“Tinker Bell and the Legend of the NeverBeast” introduces us to a brand new character: the mysterious and magical NeverBeast named Gruff.
The movie traces the relationship between Fawn and Gruff after she finds him waking up in a deep cave. Gruff’s strange mannerisms and a mysterious green comet turn the other fairies against him – it’s up to Fawn, Tinker Bell, and the rest of their friends to investigate just who Gruff is.
The movie displays many important childhood lessons such as don’t try a book by it’s cover and learn to cooperate with others, but we wanted to know more about how the film was made. The movie’s press day at Disney Toon Studios gave us the opportunity to talk to the cast and crew behind this wonderful film.
Ginnifer Goodwin, voice of Fawn, told us more about the themes of the movie, saying, “I think there are a lot of really incredible messages for young people…I think there’s just message after message in this, and they’re all good.”
While the Tinker Bell franchise seems like a female-related franchise, Goodwin also commented, “there’s a darkness to this movie, a mystical Celtic darkness that I think makes it a little bit more grown up. There’s something very physically active about it that I think will be attractive to little boys. There’s nothing gender specific about it.” The movie takes the traditional idea of fairies and twists the plot into a fresh, new story that appeals to all kinds of audiences.
Steve Loter (director) and Makul Wigert (producer) told us how their goal for the movie was to make an emotional film similar to classic movies like Bambi and Pinocchio. Loter commented on this desire, saying, “they were emotional roller coasters, they really took you to places…I wanted the film to have that emotional weight.”
While they wanted this element of classic animation, they also recognized the importance of making things new. The creation of Gruff required this balance of old and new, as Loter commented, “we did look at classic Disney style…but for Gruff, because he was such a unique and new character I felt like I had a canvas to create something that moved, felt, and just looked different…he does have an air about him that is unique.” Wigert further commented on this balance saying, “it doesn’t hold you back so much as it inspires you. It pushes you to do the best you can.”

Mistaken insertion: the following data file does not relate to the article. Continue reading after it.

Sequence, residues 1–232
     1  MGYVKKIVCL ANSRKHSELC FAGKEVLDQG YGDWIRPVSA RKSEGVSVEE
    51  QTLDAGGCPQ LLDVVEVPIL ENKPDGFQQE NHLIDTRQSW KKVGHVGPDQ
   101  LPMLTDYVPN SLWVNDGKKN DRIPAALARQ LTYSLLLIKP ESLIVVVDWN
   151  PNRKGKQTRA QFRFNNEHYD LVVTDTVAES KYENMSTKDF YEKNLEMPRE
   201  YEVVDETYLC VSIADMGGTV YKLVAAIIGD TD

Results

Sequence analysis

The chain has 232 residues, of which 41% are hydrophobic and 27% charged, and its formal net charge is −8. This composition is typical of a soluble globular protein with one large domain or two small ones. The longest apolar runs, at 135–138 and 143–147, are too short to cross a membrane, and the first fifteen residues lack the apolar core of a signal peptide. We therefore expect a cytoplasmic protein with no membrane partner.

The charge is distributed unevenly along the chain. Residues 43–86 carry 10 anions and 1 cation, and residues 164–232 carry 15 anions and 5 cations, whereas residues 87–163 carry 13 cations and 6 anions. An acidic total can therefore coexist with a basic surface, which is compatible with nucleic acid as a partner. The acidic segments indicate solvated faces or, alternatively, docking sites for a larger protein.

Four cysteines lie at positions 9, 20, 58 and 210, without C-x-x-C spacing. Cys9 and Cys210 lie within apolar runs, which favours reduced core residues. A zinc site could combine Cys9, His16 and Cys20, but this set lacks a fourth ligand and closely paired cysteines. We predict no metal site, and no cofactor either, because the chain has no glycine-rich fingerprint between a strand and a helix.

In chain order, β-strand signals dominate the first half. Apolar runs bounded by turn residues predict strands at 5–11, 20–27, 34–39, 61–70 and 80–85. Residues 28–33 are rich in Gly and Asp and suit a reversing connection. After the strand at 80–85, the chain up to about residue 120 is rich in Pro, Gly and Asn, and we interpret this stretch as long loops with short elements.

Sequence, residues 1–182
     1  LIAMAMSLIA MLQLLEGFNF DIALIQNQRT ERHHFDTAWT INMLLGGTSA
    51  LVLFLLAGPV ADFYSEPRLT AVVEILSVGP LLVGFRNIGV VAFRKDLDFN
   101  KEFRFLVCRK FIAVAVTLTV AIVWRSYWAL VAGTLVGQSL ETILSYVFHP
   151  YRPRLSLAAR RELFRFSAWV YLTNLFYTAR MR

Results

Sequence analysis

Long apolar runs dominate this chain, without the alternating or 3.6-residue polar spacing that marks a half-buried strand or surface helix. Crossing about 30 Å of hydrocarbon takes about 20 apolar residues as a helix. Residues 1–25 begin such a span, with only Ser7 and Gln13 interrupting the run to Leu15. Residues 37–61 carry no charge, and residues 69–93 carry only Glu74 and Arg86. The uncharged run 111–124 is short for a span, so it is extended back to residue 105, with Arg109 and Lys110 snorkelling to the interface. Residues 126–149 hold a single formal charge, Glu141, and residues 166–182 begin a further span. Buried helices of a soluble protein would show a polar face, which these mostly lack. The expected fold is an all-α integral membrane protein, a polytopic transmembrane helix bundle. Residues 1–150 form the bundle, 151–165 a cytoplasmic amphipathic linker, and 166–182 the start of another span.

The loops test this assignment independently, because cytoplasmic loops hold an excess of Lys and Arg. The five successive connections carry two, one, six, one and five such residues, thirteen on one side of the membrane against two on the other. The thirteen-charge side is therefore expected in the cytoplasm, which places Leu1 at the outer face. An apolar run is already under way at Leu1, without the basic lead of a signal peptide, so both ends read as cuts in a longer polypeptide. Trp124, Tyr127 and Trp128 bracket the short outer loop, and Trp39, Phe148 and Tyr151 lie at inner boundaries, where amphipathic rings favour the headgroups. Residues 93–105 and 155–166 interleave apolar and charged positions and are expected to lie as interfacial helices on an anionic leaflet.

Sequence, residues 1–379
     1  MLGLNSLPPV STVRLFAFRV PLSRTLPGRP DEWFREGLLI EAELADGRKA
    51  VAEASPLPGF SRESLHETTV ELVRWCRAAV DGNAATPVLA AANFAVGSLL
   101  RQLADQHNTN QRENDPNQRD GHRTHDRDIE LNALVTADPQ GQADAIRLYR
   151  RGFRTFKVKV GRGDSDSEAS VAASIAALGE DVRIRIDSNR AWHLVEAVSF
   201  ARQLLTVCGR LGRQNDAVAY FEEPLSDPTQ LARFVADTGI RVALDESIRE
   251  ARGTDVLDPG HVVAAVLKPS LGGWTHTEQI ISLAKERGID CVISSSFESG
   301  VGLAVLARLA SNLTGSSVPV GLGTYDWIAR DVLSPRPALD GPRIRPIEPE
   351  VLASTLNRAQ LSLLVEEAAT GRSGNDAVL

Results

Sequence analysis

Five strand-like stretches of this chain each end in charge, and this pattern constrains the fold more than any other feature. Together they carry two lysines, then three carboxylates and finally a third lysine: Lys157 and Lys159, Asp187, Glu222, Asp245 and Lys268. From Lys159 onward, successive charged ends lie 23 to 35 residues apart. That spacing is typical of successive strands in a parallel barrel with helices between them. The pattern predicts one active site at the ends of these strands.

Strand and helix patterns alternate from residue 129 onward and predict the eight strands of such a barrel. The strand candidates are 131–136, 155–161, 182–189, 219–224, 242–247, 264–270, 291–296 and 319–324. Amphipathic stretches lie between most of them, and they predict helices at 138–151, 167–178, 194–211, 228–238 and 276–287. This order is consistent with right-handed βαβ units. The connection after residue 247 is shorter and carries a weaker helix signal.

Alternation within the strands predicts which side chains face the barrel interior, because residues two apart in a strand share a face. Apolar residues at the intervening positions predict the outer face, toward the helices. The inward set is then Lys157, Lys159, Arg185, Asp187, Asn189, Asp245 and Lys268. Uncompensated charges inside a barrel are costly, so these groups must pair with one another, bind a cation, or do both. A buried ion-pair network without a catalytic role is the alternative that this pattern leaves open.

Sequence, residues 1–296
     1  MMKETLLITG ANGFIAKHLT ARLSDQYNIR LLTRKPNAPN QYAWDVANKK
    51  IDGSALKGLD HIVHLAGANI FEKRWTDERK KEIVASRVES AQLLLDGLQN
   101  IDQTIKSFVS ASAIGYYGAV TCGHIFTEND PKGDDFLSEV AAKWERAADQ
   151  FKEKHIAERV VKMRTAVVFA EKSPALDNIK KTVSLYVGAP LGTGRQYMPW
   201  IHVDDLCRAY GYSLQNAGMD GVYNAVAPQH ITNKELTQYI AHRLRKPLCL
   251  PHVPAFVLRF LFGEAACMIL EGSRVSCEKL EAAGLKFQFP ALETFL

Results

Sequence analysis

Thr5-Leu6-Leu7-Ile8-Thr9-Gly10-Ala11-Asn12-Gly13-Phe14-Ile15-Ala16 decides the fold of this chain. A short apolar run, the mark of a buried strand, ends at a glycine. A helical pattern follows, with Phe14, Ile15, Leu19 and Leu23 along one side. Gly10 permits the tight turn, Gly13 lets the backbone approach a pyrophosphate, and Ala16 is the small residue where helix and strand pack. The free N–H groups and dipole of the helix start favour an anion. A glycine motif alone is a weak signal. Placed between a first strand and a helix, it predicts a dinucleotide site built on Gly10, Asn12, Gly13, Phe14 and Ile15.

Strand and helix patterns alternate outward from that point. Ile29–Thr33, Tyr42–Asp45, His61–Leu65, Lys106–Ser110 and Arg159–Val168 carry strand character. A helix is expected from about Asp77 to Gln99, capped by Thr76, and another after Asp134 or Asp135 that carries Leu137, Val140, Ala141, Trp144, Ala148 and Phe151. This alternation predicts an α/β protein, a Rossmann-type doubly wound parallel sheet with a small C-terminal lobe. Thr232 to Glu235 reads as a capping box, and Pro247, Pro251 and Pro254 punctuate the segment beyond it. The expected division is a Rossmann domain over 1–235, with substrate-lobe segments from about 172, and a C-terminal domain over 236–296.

Ryan Green (story artist), Mike Greenholt (animation supervisor), and Steve Heidelberg (front-end lead) let us know more about the Gruff’s design. They commented on how many part of Gruff, especially his expressions, are based off of animals, saying, “you look at animals and you can see emotions that feel very human almost!” They showed us how Gruff’s design evolved into the huge but lovable creature you see in the film.
Brett Swain (music supervisor) and Bleu McAuley (featured musical artist) were able to share how they were able to create the perfect track for the movie. They spoke to us about how they combined well-known sounds with new, unique music, saying, “the director wanted something different – not only to our Tinker Bell and fairies franchise, but to film.” Bleu McAuley then showed us a variety of musical materials he used to create new, unique sounds such as chimes, corrugaphones, dulcimer hammers, and even plastic pots!
The “Tinker Bell and the Legend of the NeverBeast” Press Day was a fun look into the different aspects of how the movie was made. The cast and crew were emphatic that this film would appeal to all kinds of viewers and that the themes set in the film were important for both children and adults to see. This movie combines timeless Disney aspects with more modern ideas, resulting in a great film that adds much value to the Tinker Bell franchise.
Come meet Gruff and join the rest of the fairies yourself when “Tinker Bell and the Legend of the NeverBeast” comes out on DVD/Blu-ray today!
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Will you be watching this new Tinker Bell movie? What other themes and lessons do you think Disney movies should put into their movies? Let us know in the comments!